Tag Archives: MS-DOS

Theme Hospital (Multiplayer maps in CorsixTH)

Note: This isn’t a guide on playing multiplayer games in CorsixTH, more like loading the maps in single player

Theme Hospital shipped with a few multiplayer maps that were intended to be used with network play, which were not intended to be played in single player. With the original PC release, there is a way to force the game to play them, after a while this can cause the game to crash since the game does not know how handle the maps in single player mode. Also there are two bonus maps which were used for the bonus rat levels, that are also discussed here.

A very busy first level, with all rooms available

In CorsixTH and the use of the map editor, we are able to import these maps and convert them pack to single player use, for which we can play then in single scenario.

2 Player Maps: large sized hospitals intended for two players, in the range of Level 20-24

3 Player Maps: larger sized hospitals for 3 players, uses level range 30-34

4 Player Maps: huge sized maps intended for 4 players, level range 40-44. Unfortunately I could not get the game to load these maps due to a lua script. Seems CorsixTH does not recognise 4 players (or maybe the original came counted from 0 and CorsixTH counts from 1?)

Bonus Maps: two maps are bonus maps that were used for the rat killing levels, these are Level 13 and level 14. They are rather small but functional as a basic hospital, Although the second one has a few graphical errors, like a misplaced water tile.

  • Level 13: Looks similar to level 1 at the front of the hospital, possible this was an early design  of it that was later reused. Has a rear door with a path that leads no nowhere and has no mapping data so it wont be used by patents
  • Level 14:  Another that has the same entrance path design to level one, this hospital is highly symmetrical.

Along with the maps came with was the SAM files, which contains level variable data such as the type diseases, rooms available, emergency and pandemic probability. The bonus levels do not have these as they were not intended to be used as a regular hospital.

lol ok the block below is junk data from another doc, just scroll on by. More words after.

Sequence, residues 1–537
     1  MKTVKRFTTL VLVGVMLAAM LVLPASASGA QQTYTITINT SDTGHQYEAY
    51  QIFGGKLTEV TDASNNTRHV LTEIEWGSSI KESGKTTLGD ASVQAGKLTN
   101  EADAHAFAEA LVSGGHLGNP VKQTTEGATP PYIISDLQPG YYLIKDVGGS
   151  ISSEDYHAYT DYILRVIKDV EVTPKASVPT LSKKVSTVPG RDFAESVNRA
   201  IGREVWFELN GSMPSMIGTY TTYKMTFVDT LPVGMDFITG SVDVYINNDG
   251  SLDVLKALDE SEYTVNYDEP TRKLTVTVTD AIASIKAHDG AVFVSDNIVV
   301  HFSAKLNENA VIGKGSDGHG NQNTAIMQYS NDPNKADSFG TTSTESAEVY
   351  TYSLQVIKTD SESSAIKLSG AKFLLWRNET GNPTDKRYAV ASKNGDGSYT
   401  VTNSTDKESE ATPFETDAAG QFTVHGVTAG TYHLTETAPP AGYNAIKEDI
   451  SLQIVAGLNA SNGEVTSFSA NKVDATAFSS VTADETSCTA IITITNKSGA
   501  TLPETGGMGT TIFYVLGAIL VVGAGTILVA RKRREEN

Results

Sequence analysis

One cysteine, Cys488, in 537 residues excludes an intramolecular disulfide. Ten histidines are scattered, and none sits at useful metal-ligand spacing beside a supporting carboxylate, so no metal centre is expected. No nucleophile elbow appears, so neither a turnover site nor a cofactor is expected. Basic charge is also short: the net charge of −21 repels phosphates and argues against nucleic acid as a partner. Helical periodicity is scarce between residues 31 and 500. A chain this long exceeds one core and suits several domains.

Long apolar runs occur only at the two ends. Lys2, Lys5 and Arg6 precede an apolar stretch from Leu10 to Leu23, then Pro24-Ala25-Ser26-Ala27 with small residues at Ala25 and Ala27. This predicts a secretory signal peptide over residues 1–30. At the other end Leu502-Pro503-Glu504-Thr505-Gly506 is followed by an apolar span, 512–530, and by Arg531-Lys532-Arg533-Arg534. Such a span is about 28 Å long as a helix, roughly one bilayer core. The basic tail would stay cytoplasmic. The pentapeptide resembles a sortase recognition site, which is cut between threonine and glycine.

Converting the maps for CorsixTH

To do this the legacy map editor was used from the 2014 release (Version 0.4.0) where the map was opened, and then saved which converted the map to the new format. The original game did not use a specific extension, with files being named as Level.L01, LEVEL.L31, etc. CorsixTH uses the .map extension.

Whilst the 4 player maps will open in the map editor for this version and can be saved, trying to open it on the latest build results in an error.

The levels seem to have their own names, CRUDSVILLE, NICEVILLE, Emergency!, RUMBLETOWN and ST. SCAVENGERS. I don’t know if these names ever appeared in game, the only reference to them are in the SAM files for each level.

The newer CorsixTH builds don’t recognise the maps files from the original game unless you amend the file extension to .map however i still cannot get the game to load the 4 player maps this way.

Download

Download (Box)

Extract into the Levels directory in the CorsixTH folder, maps can be played using the single scenario menu option

WipEout

A futuristic racing game released in 1995 for various platforms.

In Wipeout your mostly battling against the track itself, rather than the rival ships, and at fast speeds the game can become a challenge, requiring quick reflexes. Thankfully it comes with a banging soundtrack, something which is a staple of the Wipeout series of games.

2 Player mode exists for the console versions, but its one of those games that needs a serial cable, two PlayStation or two Saturn’s, TV’s and copies of each game.

PlayStation

Probably the best version, since it has all the graphical effects, and the sound effects when you enter a tunnel. Can also be played on the PlayStation 3 and PSP as part of the PS Classics. Only issue with this port is the low resolution and the pop-in textures on the track, poor draw distance. As a bonus the game supports the use of a NeGcon controller, allowing for an analogue control, useful for turning and for the airbreaks.

On modern emulators you can sort of re-create the PC effects such as higher resolution and texture filtering, but you are still stuck at 30fps. Overclocking the CPU results in the game running too fast.

Duckstation: Enhanced

The game clears up rather well compared to how it originally looked

Sega Saturn

Wipeout was released for the promising Sega Saturn, and serves as an example of the PSY-Q dev kit for the Saturn, which Psygnosis were trying to promote at the time as an alternative to Sega’s devkit (a version of PSY-Q was released for the PlayStation). The soundtrack has been altered with some songs being removed